Fictional money, a shot at inordinate riches and a good chance of landing in jail at some point. That, in a nutshell, is the popular board game of Monopoly. But it describes just as accurately the experience of those who have founded some of the world’s biggest cryptocurrency exchanges.

On November 21st Changpeng Zhao, boss of Binance, resigned after pleading guilty to criminal money-laundering charges. He becomes the third founder of a major crypto exchange to be convicted of crimes. In May 2022 Arthur Hayes, who set up BitMEX, was sentenced to six months under house arrest for violating anti-money-laundering laws. And on November 2nd this year Sam Bankman-Fried, the founder of FTX, was convicted on seven counts of fraud. He may face decades in prison.

Mr Zhao will pay a $50m fine. He may also go to jail—probably for up to 18 months—after he is sentenced in Seattle in February. In the meantime he has been released on a $175m bond. Binance also pleaded guilty to violating money-laundering laws and the International Emergency Economic Powers Act, the legislation under which America imposes sanctions. As part of the plea agreement, Binance will be allowed to continue operating under the supervision of a government team. It will also pay a $4.3bn fine. In a press conference Janet Yellen, the treasury secretary, called the enforcement action “historic”. It is the largest such settlement the Treasury has ever been paid.

The indictment, which was unsealed on November 21st, does not allege that Mr Zhao intentionally set up a platform by which criminals or individuals under sanctions could evade scrutiny. Instead, it says that he put his relentless pursuit of market share, growth and profits ahead of all else.

There are all kinds of people with whom the law forbids financial institutions from doing business. This means they must carry out a reasonable amount of vetting of potential clients. Yet between 2017 and 2021 most of Binance’s users could sign up with just an email address. Letting everyone trade freely probably helped Binance create a deep, liquid market—the most useful sort for customers—and thus build market share. But allowing Americans to swap bitcoin with anonymous accounts linked to Iranian phone numbers will get you into trouble.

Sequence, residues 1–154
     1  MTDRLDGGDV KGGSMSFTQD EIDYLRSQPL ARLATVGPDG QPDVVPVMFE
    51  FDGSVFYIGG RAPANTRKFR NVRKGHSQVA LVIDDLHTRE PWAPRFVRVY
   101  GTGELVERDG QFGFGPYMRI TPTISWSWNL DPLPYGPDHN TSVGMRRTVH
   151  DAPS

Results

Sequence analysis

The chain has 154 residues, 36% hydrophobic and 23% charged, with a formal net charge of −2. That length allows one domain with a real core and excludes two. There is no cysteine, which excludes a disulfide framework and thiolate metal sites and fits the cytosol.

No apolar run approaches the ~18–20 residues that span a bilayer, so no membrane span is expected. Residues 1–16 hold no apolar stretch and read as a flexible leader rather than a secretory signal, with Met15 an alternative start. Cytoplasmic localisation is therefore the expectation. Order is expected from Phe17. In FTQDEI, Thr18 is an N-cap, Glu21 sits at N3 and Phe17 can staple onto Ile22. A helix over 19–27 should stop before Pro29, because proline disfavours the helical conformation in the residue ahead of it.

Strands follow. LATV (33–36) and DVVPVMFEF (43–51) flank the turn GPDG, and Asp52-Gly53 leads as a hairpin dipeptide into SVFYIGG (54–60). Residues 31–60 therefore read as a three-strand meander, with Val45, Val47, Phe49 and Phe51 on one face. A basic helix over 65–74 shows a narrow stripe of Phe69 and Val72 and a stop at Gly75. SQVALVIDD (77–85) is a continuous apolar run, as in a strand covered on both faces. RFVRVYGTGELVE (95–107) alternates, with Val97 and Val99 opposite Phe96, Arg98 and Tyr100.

There are countless examples in the indictment showing Binance either did not care about these kinds of problems, or thought that existing financial rules might not apply to the novel crypto business. But there are also instances of deliberate rulebreaking. Binance’s compliance team at times identified users who appeared to be using the platform for illicit activity, like moving funds from Hydra, a Russian dark-web marketplace. They were told, before banning such users, to check their “VIP” status, a designation for high-value accounts. VIPs were then told they could open a new account. “Let him know to be careful with his flow of funds,” a former Binance executive said about the dark-web user; “He can come back with a new account…but this current one has to go, it’s tainted.”

Mr Zhao and other Binance executives discussed blocking accounts with IP addresses, or internet location markers, from Iran or North Korea. They seem to have done little more than talk. The indictment claims that 12,500 users with Iranian phone numbers were active on Binance in 2019. Some 7,000 customers provided identity documents from countries under sanctions. In the end Binance processed almost $1bn-worth of trades between American and Iranian accounts.

“Binance became the world’s largest cryptocurrency exchange in part because of the crimes it committed,” said Merrick Garland, the attorney-general, at the press conference announcing the exchange’s plea agreement. Ms Yellen said Binance’s failures allowed money to flow to cybercriminals, child-abusers and terrorists—including Hamas, al-Qaeda and Islamic State.

Eventually, the exchange did attempt to clean up its act. It put full “know-your-customer” procedures into place in 2021, and by May 2022 users could not trade unless they had uploaded identification documents first. As crypto regulation has been written around the world, Binance has applied for licences to operate a fully regulated and compliant exchange. Speaking to The Economist in October, Mr Zhao called Binance “the most licensed crypto firm in the world”. But it is clearly too little too late for Mr Zhao, who will probably be barred from future roles in financial institutions.

In a long post on X (formerly Twitter) Mr Zhao said he had “made mistakes’‘ and “must take responsibility”. He announced that Richard Teng, a Singaporean career regulator, would replace him as Binance’s boss. Mr Zhao himself will now “take a break” having not had a “real (phone off) break for the last six and a half years”. But the length of that break may not be entirely up to him.

Leave a Reply

Your email address will not be published. Required fields are marked *